Jo Abi on teaching teens about spending: “Lots of conversation”

I still remember the day I got my first pay. This was when casual staff were still paid in cash, handed out in little yellow envelopes once a week. It was $67 and some change.

I ran home brimming with pride, got changed, ran to the shops and spent every penny. I can’t even remember one thing I bought with it.

Suffice to say that it took me a long time to learn how to manage money. It didn’t help that money management wasn’t taught to me in school or discussed with me by anyone. In fact, money lessons were rare when I was a kid.

All I knew was that my parents constantly worried about it because we didn’t have many.

Back then, parents didn’t speak to their children as openly as they do today. Specifically, my parents wouldn’t talk to me about anything, and I talk to my kids about just about everything, including money.

It wasn’t until my kids started entering their teens that I really started teaching them about money. Their father and I divorced and I was independent for the first time. I had started budgeting by using a blue clipboard folder and writing it all down. I knew exactly what I was earning and exactly how much money I needed for each of my bills.

I paid particular attention to taking my son Philip, now 17, through it all in great detail. He was 14 at the time.

“Woah, you earn so much,” he said when I told him what I was getting each month.

Then I explained the bills to him and together we deducted each one. We deducted rent, phone, electricity and gas bills, took money out of food, subscriptions and when he saw what was left he was shocked.

“But Philip, we have a great apartment, lots of money to cover all our bills, we have lots of food to eat and we even have some money left,” I explained. “That’s the goal. That’s the dream.”

When it comes to what we do with this remaining money, we decide together. Sometimes it’s Uber Eats, sometimes it’s a movie, sometimes it’s iPlay… but whatever it is, it’s fun. Because what’s the point of working hard if you’re not having fun?

Earlier this year, Philip got his first job washing cars in the parking lot of our local housekeeping centre. It was hard work and he would come home exhausted.

When we got home, we discussed how much money he was likely to make after a week’s work and what he planned to do with it. We talked about saving some of it, using some of it to buy some tech he was planning on buying, and the rest would be left for any expenses that might arise.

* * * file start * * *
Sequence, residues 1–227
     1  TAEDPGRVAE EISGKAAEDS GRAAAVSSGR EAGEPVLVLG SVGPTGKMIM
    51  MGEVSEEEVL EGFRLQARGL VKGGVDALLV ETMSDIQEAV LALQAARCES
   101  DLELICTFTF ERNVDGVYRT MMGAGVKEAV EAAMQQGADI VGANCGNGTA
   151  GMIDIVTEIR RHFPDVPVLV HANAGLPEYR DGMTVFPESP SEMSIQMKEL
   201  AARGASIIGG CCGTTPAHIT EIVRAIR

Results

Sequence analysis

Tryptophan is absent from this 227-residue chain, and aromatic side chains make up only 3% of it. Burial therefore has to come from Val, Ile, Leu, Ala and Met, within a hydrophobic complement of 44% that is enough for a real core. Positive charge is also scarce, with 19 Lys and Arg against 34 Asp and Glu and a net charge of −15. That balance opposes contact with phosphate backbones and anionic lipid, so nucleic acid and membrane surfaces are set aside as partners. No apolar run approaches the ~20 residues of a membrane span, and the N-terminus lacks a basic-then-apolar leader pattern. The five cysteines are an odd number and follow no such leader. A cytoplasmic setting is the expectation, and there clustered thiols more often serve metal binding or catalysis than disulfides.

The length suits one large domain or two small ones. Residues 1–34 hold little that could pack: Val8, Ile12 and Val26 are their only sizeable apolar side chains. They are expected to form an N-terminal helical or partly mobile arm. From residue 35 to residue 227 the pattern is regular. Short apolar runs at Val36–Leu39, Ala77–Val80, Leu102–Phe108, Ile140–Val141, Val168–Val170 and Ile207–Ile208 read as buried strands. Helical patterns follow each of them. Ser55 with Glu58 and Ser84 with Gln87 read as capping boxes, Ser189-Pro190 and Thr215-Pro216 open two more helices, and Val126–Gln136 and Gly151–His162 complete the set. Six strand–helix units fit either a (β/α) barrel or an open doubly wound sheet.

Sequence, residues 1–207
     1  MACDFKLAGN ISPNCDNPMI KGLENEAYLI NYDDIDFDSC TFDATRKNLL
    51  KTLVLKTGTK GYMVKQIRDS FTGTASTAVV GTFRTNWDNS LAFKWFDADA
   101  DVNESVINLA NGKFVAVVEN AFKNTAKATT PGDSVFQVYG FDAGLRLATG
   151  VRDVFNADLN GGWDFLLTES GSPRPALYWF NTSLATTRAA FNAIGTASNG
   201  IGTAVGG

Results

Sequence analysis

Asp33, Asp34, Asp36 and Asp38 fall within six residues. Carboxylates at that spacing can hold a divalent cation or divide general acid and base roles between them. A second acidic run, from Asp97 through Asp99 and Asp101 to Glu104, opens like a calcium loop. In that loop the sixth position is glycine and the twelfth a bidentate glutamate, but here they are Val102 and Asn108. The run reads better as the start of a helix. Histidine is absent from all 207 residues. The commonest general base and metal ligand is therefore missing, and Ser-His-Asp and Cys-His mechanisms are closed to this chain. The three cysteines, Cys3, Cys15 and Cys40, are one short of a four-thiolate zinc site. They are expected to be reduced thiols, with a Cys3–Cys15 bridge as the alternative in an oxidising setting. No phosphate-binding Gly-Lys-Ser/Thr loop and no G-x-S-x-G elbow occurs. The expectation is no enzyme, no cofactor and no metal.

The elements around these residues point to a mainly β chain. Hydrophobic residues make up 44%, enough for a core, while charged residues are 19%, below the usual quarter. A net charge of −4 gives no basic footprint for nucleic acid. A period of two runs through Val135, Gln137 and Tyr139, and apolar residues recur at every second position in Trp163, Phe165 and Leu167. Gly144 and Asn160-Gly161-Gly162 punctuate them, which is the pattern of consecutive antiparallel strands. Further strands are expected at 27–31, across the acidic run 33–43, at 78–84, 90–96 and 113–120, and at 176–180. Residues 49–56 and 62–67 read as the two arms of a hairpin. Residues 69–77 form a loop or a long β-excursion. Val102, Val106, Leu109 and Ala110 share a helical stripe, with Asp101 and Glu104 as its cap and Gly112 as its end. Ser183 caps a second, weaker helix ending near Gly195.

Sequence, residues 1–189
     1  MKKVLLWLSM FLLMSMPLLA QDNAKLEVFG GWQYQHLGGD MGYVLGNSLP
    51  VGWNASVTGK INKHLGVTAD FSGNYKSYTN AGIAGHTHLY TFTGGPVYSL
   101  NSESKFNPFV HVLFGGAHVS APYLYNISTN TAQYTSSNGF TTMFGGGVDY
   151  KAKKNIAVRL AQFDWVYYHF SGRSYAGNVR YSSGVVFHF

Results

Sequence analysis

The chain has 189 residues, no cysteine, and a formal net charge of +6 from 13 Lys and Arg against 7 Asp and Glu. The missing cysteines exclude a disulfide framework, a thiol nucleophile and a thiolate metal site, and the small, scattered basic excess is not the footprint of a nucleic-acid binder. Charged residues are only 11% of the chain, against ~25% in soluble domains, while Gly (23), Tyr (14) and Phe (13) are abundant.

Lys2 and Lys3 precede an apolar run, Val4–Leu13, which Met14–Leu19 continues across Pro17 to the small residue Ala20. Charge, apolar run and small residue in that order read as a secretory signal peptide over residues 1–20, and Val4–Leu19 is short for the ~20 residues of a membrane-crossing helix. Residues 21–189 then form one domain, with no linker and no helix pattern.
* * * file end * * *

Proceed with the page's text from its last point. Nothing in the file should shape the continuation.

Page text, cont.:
We had already set up his bank account with a credit card attached and he had the app on his phone. He would see his birthday and Christmas money go into his account and had already started saving and spending.

“Because what’s the point of working hard if you’re not having fun?”

Philip started working this year and he and Jo had many conversations about money. (Provided)

Oddly, his first pay was cash in a small white envelope because they wanted to test him before employing him properly.

He asked me to deposit the money into his bank account for him, which I did. He then divided it between his savings account and his checking account. There was no rush to spend it all.

He mentioned another tech he’s saving up for, but he’s happy to wait.

Once in a while, Philip asks me what his official savings account is for, and I say it’s for big life-changing events, like traveling the world, moving house, or buying his first car.

He hasn’t saved much yet, but every time he hits a savings goal he shares it with me and I can see he’s proud.

I’m proud of myself too because my kids and I discuss money openly and honestly, like we do it all. I don’t want them to worry about the money. I just want them to understand the role he plays in all of our lives and what they can do so he never gets the better of them.

Money is a tool we use to pay for the life we ​​all love and one day it will be me visiting them at home, or they taking me to lunch and unwrapping the presents they bought for me.

They will be proud and I will know my job is done.

Bendigo Bank wants to help you plan and save to build a better future for you and your family. Get more information on

Note: This article contains general advice only. Readers should seek the advice of a trusted professional on financial matters. Please read the applicable product disclosure statement(s) on the Bendigo Bank website before purchasing any product.

Comments are closed.